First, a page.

Part of the Sociological Review Research Seminar Series
Funded by The Sociological Review Foundation
Wednesday, 16th August 2017
Ground Floor, ‘MadLab’, 36-40 Edge Street, Manchester, M4 1HN
‘Esports’ or electronic sports is the umbrella term for organised, competitive computer gaming usually played by paid professionals. It is an emerging entertainment market worth an estimated $1.5 billion and is comparable in size to many traditional sports, with audiences of tens, even hundreds, of millions of people worldwide. This one-day symposia seeks to build expertise between early career researchers, professional players, and industry experts who are interested in problematising the social, cultural, and economic dimensions of Esports. Sociological research on Esports has begun to highlight the precarious working conditions, such as temporary contracts and exploitative pay practices that characterise professional computer gaming. Similarly, early research into women and Esports suggests that these competitive gaming environments tend to reproduce ‘hegemonic masculinities’ which can leave women isolated and a structural disadvantage in terms of employment opportunities. At this moment, there is the need to launch fruitful and long-term collaborative research agendas to understand the nature of these issues, and establish the networks needed to bring about practical and sustainable social change. Papers and talks will be presented by academics, organisers, and campaigners, addressing a range of issues from exploitative labour practices, gender representation, social inclusion, as well as the challenges of studying player careers, and the complexities of different Esports ecologies.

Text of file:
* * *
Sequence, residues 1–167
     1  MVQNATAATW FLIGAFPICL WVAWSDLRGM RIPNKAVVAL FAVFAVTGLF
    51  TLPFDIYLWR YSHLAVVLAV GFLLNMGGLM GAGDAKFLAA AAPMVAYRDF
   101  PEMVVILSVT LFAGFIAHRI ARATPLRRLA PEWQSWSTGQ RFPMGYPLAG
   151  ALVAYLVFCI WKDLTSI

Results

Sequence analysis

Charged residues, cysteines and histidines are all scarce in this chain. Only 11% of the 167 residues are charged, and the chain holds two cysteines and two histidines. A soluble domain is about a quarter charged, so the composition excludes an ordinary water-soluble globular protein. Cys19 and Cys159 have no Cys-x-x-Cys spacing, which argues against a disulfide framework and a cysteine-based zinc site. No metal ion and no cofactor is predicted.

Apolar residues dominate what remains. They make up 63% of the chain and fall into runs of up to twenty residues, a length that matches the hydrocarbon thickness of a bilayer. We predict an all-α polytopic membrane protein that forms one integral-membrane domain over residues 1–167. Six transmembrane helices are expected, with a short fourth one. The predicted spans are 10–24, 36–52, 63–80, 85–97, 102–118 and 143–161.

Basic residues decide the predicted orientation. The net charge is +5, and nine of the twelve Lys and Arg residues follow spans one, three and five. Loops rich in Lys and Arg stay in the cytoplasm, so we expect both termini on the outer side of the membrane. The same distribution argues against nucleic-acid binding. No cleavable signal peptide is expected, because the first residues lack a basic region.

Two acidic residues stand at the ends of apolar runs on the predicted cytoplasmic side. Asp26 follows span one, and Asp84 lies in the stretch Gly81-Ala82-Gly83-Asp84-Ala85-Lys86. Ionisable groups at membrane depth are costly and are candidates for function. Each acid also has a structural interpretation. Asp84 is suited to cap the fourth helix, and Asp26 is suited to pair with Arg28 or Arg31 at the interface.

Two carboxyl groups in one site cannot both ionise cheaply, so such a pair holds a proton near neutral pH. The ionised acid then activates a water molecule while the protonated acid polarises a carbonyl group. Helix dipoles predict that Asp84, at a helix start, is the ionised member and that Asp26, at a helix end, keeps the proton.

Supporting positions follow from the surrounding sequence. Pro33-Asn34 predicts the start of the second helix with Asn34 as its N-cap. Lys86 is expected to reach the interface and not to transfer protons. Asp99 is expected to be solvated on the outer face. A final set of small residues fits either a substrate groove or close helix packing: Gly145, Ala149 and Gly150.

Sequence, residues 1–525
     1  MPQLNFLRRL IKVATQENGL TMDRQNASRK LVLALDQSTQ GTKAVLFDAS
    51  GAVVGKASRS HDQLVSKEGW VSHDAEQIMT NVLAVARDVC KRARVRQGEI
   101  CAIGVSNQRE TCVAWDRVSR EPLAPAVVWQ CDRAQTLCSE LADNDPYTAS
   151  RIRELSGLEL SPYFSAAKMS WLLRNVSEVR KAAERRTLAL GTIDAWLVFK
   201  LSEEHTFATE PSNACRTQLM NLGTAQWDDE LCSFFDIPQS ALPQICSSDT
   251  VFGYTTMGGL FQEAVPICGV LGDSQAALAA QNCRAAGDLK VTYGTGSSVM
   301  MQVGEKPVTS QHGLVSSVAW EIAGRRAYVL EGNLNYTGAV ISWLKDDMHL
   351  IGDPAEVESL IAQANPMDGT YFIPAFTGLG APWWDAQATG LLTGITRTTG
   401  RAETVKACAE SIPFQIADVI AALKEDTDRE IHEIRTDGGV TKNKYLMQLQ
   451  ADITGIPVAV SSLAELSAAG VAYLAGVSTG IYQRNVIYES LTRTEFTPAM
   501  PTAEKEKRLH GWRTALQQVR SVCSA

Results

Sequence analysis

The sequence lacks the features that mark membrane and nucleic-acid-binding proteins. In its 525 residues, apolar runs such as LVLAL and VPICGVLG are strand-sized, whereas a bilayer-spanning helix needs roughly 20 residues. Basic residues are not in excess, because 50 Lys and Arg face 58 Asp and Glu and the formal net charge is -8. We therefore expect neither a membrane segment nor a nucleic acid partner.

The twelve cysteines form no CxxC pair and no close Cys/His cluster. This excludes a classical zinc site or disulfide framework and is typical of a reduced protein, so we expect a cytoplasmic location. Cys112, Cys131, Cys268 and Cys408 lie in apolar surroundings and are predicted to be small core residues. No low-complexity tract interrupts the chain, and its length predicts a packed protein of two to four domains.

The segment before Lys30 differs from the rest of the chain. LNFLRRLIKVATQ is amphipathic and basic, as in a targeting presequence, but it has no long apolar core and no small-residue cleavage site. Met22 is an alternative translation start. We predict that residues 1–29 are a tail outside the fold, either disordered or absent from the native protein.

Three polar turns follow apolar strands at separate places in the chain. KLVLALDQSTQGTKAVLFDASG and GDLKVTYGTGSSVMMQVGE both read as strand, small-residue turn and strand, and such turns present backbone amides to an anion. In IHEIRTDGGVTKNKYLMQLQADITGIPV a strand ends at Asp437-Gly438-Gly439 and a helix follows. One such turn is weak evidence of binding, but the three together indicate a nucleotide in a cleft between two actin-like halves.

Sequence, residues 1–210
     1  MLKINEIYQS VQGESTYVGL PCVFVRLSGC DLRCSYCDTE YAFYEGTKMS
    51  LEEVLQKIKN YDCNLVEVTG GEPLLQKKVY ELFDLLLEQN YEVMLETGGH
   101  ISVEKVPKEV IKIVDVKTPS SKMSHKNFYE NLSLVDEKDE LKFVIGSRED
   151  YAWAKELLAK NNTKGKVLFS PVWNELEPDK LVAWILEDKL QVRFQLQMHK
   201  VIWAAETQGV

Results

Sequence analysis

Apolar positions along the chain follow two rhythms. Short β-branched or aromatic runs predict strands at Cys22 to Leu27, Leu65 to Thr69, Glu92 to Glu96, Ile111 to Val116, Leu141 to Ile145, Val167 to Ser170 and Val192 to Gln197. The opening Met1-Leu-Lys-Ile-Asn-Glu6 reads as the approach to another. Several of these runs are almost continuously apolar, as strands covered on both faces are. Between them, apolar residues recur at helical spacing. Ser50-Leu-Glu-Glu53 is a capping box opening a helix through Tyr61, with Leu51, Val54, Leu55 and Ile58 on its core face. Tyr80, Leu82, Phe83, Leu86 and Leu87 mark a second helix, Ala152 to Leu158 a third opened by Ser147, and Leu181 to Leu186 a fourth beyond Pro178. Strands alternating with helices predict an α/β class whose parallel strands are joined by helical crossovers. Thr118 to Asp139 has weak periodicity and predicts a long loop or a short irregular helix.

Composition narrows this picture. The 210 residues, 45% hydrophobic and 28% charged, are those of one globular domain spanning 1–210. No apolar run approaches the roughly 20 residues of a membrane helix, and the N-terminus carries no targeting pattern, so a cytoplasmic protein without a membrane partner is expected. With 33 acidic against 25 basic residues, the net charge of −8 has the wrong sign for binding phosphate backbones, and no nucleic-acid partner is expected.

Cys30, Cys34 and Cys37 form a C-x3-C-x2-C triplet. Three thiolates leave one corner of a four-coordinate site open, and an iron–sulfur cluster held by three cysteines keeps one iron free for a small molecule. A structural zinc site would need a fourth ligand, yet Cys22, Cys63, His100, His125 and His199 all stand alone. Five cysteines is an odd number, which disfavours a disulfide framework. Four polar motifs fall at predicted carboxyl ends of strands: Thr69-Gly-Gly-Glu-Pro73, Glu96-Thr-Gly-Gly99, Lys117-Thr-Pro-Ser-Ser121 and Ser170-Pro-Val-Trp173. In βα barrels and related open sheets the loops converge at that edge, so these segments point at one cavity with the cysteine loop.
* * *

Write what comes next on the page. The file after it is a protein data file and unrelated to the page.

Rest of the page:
Tom Brock writes on ‘The problem of treating play like work – how esports can harm well-being’ in The Conversation this week.
Esports blurs the distinction between play and work by changing how players value the goals of gaming.
You can read the article on The Conversation, and listen Tom discuss the esports industry on The Anthill podcast All the world’s a game. This is a discussion that looks set to continue in academia, with Staffordshire University launching a BA (hons) eSports course in September 2018.